• The compilation statement is a requirement of many business entities seeking loans or other purposes.
  • In an audit engagement, the CPA expresses an opinion according to which the financial statements are free from material misstatements and that users may use this information with reasonable assurance.
  • Some of the documentation includes the engagement letter, financial statements, and communication with management regarding significant issues identified during the audit.

The report attached to the financial statement emphasizes that the service is a compilation. Depending on the size, nature, and industry of a business, there are varying financial reporting requirements for every business entity. Small and medium enterprises usually do not prepare formal financial statements and rely on bookkeeping. However, there are many circumstances when the presentation of formal financial statements is necessary.

Some of the information contained in an engagement letter includes the services to be provided, the amount and timing of payments, specific due dates, how the parties can terminate the contract, etc. Most compilation engagement letters will state that the accountant will prepare and present financial statements and provide a compilation service. Compilations allow companies without an accountant to have financial statements prepared by an outside professional without the higher cost of reviewed or audited financial statements. With compilations, or compiled financial statements, the outside accountant converts the client’s data into financial statements without providing any assurances or auditing services.

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The accountant is also not required to gather any evidence for the purpose of verifying the information provided. Aside from presenting the financial condition and results of operations of the organization, a compilation is useful in that it provides the organization’s financial statements a level of credibility from an independent certified accountant. Although no assurance is given by the accountant, third parties will still appreciate an organization who hires an accountant for compilation services based on the professionalism, reputation, and skills of the accountant involved. Also, it does not provide assurance that the company has complied with the accepted accounting principles. Therefore, the accountant engaged in a compilation engagement is not required to use analytical procedures, review procedures, or inquiries, or engage in other audit procedures.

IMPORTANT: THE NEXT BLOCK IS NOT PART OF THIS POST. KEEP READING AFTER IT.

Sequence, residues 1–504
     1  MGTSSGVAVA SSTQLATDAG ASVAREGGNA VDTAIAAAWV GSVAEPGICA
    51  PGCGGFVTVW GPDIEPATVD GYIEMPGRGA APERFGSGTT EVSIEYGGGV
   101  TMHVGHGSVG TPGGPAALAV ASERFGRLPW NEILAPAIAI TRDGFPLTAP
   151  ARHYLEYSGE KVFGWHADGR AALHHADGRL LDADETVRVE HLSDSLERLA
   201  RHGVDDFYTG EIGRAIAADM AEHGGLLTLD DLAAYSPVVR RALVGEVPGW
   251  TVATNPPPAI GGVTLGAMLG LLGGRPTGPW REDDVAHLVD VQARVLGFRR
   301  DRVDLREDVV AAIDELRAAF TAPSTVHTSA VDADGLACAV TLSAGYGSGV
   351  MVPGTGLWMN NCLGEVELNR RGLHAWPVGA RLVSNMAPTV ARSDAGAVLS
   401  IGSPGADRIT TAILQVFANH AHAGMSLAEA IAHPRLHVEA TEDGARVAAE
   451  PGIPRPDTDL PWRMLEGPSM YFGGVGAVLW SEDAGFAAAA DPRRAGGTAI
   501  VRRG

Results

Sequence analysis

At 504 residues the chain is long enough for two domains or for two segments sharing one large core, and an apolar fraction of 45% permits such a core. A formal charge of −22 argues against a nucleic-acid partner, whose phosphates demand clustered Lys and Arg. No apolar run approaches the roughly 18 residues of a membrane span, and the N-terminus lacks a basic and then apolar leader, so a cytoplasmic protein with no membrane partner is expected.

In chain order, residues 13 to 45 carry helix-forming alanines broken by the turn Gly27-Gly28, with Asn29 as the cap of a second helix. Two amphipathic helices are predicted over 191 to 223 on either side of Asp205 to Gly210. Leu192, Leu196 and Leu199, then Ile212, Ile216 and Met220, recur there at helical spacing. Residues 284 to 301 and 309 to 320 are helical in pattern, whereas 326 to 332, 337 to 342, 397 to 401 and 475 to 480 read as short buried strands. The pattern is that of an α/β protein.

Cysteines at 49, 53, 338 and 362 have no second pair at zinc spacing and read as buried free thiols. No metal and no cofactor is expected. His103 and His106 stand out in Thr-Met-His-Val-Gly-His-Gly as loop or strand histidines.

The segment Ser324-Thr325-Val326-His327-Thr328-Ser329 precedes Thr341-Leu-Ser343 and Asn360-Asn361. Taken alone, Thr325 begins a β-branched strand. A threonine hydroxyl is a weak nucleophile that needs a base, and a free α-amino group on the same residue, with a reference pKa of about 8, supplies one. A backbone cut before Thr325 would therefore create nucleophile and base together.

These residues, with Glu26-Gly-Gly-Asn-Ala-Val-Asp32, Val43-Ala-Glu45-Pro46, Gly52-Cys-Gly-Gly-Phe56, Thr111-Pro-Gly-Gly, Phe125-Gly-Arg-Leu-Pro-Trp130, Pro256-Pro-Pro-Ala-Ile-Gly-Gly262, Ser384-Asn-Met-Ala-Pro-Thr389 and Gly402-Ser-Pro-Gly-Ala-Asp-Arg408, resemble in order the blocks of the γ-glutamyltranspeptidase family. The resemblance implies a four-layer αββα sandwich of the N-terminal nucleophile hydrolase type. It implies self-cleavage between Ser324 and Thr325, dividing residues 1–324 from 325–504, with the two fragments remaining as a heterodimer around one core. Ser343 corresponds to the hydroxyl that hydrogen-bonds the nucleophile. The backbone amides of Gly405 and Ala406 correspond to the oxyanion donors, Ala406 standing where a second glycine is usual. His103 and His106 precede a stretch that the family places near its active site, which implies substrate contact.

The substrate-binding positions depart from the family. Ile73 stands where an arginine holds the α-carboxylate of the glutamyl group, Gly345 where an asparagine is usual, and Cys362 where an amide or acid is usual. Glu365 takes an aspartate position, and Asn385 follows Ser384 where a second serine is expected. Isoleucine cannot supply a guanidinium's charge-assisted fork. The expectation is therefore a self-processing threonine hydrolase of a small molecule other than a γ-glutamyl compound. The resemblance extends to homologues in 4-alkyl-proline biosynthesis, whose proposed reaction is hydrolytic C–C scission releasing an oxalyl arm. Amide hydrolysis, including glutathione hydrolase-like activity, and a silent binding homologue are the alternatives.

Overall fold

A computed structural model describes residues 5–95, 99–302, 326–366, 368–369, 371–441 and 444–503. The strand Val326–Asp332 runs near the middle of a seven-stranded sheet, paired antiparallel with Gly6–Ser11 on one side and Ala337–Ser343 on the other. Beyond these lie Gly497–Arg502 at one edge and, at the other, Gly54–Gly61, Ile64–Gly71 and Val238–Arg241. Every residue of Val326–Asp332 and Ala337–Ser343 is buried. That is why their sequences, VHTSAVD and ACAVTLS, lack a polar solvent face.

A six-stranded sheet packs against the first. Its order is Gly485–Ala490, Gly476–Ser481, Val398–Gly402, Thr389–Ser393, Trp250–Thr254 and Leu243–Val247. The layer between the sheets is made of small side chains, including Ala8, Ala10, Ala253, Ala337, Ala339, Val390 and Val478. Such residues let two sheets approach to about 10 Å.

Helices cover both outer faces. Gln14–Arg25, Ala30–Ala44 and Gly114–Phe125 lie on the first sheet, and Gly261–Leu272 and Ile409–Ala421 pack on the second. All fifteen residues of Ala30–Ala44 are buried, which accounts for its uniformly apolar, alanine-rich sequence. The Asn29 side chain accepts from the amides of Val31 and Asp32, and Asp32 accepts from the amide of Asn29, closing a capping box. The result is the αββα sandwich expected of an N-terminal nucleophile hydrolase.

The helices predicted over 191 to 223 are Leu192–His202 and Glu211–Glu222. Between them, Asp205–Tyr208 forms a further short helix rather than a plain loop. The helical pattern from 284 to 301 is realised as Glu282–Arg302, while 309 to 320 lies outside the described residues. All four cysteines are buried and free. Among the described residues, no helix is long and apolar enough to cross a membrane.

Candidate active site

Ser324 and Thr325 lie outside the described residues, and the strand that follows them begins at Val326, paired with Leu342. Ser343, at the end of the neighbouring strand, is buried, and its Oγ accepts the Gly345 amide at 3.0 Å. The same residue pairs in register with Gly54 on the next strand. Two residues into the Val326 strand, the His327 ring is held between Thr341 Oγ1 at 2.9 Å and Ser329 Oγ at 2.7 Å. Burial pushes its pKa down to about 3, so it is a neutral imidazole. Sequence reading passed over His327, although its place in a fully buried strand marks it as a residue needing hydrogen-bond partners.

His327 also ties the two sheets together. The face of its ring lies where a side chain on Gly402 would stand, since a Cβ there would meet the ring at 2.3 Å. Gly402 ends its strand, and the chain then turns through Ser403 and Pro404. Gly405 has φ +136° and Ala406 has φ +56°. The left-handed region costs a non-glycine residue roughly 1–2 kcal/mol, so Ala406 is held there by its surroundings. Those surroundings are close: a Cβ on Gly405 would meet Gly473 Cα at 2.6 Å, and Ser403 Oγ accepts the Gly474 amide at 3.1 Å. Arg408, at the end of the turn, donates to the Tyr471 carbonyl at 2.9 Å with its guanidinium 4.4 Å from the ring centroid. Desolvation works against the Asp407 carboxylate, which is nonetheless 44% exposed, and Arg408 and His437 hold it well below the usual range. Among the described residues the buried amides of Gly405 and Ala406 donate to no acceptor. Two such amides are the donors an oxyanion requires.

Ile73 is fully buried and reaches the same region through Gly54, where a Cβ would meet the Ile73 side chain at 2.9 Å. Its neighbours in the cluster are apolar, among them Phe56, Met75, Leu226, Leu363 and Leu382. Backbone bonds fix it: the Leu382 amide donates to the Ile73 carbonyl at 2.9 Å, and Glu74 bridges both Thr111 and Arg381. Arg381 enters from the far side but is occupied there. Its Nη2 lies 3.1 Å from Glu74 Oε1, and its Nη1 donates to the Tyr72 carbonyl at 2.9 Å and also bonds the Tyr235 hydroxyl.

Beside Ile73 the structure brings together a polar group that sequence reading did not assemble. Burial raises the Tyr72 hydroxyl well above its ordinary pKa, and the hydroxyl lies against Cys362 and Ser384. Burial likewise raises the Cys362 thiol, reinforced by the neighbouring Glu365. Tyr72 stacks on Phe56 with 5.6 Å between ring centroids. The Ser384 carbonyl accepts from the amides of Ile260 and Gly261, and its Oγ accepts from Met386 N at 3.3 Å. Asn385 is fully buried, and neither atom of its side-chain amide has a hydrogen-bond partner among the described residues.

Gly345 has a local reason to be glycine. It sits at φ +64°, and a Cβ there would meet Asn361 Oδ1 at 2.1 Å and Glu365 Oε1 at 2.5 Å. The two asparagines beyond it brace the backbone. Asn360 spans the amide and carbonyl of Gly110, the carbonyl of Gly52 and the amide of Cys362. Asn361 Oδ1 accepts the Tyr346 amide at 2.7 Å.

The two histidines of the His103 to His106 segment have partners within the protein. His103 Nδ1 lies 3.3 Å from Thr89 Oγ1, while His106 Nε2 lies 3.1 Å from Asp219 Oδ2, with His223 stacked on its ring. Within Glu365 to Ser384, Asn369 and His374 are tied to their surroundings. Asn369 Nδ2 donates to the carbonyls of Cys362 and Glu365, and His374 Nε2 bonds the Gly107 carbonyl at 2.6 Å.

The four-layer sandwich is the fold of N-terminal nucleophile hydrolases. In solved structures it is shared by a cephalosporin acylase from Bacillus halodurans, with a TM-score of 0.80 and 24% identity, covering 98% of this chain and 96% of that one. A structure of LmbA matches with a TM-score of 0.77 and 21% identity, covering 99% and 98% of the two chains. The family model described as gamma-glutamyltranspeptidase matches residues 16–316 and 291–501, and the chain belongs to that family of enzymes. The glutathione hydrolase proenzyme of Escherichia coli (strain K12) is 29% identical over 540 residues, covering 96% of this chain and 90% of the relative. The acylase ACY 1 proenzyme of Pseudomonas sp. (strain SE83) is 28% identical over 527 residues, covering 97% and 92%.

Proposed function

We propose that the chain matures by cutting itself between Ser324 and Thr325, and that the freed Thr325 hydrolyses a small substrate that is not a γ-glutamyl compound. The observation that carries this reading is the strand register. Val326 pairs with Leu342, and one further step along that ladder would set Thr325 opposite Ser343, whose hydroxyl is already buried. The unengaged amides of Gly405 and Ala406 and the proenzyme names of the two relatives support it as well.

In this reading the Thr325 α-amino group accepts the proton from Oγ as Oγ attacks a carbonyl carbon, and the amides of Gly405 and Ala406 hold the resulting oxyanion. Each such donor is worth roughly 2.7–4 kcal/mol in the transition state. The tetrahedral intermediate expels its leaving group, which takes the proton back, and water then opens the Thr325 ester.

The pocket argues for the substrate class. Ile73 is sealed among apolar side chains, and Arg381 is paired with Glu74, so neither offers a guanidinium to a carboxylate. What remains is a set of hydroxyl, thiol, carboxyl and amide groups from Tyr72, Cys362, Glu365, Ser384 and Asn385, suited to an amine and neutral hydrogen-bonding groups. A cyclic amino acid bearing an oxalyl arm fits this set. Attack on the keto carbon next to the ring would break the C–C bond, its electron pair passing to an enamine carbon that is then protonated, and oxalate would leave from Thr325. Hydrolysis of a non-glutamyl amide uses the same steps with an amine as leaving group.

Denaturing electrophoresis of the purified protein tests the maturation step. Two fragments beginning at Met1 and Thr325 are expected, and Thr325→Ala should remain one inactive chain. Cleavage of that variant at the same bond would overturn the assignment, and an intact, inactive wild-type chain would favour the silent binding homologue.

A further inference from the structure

However, the essence of the compilation is hidden in the purpose of the compilation. Upgrading to a paid membership gives you access to our extensive collection of plug-and-play Templates designed to power your performance—as well as CFI’s full course catalog and accredited Certification Programs. Access and download collection of free Templates to help power your productivity and performance.

What is a review?